Quick! How many hands normally appear on a MeisterSinger watch? One, right? Well, up until recently, that would certainly be the case. With the introduction of the MeisterSinger Paleograph, however, that answer is no longer entirely accurate. Sure, you’ve still got the singular hour hand (no minutes hand needed), but then there is a whole new compliment of hands showing up on the dial.

These are most evident on the ivory-dialed version; although for me, I think I actually prefer the dark blue dial MeisterSinger Paleograph . Aside from my own color preferences, the dark blue dial sort of “hides” the chronograph functionality a bit more, making this look and feel more like a traditional MeisterSinger, in my opinion. Further confounding the expectations of a chronograph is the fact that there are no pushers flanking the crown.

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Therein lies another clever bit of design – while the Unitas 6497-1 provides the basic movement, MeisterSinger developed a column wheel chronograph module (with the assistance of Jean Fillon) that operates via a single pusher which is integrated into the crown. Through that pusher, you have got the basic start, stop, and reset. All told, the MeisterSinger Paleograph is a 43mm chronograph that looks to be one of the stealthiest “chronos” I’ve seen in some time.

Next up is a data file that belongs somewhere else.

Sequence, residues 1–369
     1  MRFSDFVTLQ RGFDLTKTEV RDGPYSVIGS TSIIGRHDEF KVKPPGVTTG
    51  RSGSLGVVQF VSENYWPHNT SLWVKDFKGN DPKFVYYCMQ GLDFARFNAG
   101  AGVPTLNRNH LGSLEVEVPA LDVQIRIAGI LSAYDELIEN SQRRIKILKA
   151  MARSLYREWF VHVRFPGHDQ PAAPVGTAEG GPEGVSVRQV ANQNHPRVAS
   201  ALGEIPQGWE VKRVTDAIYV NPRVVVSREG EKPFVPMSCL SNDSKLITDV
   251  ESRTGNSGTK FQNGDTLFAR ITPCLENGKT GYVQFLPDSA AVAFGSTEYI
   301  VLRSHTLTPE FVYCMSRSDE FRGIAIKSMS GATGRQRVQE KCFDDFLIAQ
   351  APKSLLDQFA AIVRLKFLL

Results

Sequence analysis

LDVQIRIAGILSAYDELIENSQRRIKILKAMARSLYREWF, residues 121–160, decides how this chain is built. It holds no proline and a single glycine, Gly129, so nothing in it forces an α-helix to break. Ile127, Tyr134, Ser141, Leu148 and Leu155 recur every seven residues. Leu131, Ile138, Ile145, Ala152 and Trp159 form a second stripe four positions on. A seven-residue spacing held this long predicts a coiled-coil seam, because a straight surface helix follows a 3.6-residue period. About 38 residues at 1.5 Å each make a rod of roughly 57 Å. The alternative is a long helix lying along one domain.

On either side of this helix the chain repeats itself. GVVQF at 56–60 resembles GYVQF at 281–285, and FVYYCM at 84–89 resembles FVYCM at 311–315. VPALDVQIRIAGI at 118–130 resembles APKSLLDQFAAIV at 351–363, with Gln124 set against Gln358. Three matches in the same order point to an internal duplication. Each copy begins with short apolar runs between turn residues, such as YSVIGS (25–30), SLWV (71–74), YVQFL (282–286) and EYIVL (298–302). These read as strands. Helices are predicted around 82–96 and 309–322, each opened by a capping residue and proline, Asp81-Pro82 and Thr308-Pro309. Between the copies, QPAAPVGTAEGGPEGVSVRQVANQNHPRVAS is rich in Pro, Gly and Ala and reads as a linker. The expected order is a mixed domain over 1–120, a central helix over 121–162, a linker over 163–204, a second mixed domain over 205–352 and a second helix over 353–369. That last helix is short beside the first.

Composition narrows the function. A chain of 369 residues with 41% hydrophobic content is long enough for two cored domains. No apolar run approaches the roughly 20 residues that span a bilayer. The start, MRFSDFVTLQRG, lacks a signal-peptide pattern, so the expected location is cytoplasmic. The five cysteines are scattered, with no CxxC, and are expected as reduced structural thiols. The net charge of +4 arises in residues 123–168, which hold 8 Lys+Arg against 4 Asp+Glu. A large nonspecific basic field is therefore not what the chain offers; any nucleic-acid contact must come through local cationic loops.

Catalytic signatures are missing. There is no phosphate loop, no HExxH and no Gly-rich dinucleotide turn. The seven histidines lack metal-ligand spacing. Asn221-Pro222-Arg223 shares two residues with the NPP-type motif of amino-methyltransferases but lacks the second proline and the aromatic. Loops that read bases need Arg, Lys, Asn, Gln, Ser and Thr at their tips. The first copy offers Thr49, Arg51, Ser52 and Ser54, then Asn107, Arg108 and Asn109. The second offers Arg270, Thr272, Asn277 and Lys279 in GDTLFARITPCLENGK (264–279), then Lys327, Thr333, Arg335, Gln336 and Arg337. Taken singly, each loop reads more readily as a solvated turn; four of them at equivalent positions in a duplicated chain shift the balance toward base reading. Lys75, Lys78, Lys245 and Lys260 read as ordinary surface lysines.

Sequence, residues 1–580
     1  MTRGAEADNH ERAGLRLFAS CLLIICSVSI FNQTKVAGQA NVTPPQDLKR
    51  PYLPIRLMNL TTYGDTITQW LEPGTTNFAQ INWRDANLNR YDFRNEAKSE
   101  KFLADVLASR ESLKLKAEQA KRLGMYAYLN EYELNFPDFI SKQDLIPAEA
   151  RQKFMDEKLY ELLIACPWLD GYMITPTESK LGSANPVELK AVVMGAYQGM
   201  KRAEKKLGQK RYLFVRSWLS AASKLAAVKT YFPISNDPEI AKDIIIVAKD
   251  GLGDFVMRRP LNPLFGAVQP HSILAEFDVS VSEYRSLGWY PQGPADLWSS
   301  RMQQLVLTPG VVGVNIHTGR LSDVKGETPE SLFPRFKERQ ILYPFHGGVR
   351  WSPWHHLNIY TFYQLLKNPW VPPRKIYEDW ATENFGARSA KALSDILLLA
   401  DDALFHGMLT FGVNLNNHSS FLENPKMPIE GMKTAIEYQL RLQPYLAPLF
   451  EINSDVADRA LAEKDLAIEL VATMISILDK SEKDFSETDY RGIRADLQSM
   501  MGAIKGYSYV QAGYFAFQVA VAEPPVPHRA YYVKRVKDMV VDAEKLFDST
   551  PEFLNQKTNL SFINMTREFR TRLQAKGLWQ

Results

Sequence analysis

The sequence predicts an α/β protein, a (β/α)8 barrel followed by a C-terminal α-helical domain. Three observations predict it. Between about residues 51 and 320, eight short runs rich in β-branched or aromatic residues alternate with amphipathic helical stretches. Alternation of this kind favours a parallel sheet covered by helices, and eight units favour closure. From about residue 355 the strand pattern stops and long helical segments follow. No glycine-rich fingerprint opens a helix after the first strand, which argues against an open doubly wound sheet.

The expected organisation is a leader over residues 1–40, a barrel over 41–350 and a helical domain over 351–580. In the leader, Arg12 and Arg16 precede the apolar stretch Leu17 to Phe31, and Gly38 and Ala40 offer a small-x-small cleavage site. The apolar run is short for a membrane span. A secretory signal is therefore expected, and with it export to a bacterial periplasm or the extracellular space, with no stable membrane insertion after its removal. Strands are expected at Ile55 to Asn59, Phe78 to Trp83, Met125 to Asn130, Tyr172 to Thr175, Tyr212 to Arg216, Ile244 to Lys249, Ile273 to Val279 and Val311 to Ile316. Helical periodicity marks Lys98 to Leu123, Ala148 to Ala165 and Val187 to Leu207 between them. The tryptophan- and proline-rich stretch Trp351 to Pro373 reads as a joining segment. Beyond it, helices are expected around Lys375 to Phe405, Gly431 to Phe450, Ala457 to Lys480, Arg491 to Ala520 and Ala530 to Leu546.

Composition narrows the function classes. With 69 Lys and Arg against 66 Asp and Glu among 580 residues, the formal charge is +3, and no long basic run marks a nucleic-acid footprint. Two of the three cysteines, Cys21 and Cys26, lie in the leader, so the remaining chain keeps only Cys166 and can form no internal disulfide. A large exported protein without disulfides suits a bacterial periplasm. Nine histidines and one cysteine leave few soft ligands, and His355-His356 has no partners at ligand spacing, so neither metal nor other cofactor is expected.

It also introduces a bit of a paradox for any potential owner, I feel. On one hand, if you are going for a MeisterSinger, you like the one-handed aesthetic and how it de-emphasizes absolute time dependency (given you are limited to reading the time with an accuracy of 5 minute increments, unless you opt for the jump-hours model). With the MeisterSinger Paleograph, you start off with that more relaxed attitude about time, and then add in some ability to track things down to the second (either via the central chrono seconds, or the small seconds at 9).


For me, personally, it is a watch that hits on either side of my own preferences. I really am not much of a fan of hours-only watches, and I’ve been finding the utility of a chronograph being, well, less than useful in my day-to-day. That said, I can certainly appreciate the cleverness that went into developing the mono-pusher movement, and I enjoy how they managed to almost hide the functionality within the bi-compax dial. I think it is safe to say that there are not many hours-only chronographs, and if you are looking for one, the MeisterSinger Paleograph is likely your best bet – just bring along $8,645 to add this unicorn to your collection.

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Tech Specs from MeisterSinger

  • Model: Paleograph
  • Movement: MSYN13 manual winding, 46 hours power reserve
  • Case size: 43mm
  • Case: Stainless steel, open casing back, water resistance 5 bar, sapphire crystal
  • Variants: ivory, sunburst blue
  • Price: $8,645 (£5200)

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